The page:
Perceptions of undergraduate students toward the use and application of virtual reality technologies in the classroom

Amy Caryn Warneka, Purdue University

Abstract

Virtual communities and organizations must have members, and leaders, who are trained and prepared to develop informed and creative solutions to globally complex problems. Some previous studies have shown the online virtual world (VW) application known as Second Life (SL) can be engaged as an effective virtual media toward team performance for students while removing the hindrances of lost nuances inherent of other communication technology. It is believed that by engaging students in an immersive three-dimensional (3-D) socialized environment to enhance the educational practice for learners coming out of the digital age, the learning capability of the students will be enriched and supplemented by a more interactive atmosphere. This study analyzes the perceptions of two undergraduate classes toward the introduction and use of virtual media in a large, lecture-formatted classroom environment. As an attempt to provide feedback, without trying to prove or disprove any educational theories, this study hoped to show that virtual media can successfully be employed to supplement the educational experience, enhance class work and learning strategies for the students, and create team/group associations that work efficiently and effectively when students were challenged with real life situations in a virtual environment. Instead, this study found student's generally detested the use of the technology, had a perceived lack of appreciation for the technological advancements in the classroom, and felt forced into participating in the assimilation of the technology or group collaborations whether required of the assignment or not. Perceptually, this study shows it made no difference whether students had any previous experiences with VWs, what their class designation was (freshman, sophomore, etc.), if they were male or female, or their involvement with the VW platform, particularly if they had experience with other VW systems or interactive game settings.^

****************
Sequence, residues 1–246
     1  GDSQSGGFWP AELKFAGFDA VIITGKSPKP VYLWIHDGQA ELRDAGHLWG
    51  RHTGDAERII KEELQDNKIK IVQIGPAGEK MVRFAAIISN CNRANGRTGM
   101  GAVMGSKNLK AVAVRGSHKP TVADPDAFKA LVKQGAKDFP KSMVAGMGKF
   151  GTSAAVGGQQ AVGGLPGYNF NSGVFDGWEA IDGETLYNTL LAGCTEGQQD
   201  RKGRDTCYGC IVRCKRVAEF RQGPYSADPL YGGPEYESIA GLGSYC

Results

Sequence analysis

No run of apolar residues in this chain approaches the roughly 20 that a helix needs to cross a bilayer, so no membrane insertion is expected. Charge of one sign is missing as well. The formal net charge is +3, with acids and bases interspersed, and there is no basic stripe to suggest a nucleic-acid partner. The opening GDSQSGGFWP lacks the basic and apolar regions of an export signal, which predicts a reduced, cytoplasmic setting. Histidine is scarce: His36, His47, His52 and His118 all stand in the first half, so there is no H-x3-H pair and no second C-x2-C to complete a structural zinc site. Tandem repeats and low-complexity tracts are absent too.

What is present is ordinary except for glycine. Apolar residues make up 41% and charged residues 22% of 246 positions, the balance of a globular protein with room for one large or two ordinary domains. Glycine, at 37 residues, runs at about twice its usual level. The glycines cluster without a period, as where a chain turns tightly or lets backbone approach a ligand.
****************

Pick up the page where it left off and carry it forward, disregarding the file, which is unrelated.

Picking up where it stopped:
Degree

M.S.

Advisors

Michael M. Beyerlein, Purdue University.

Subject Area

Education, Pedagogy|Education, Adult and Continuing|Education, Higher

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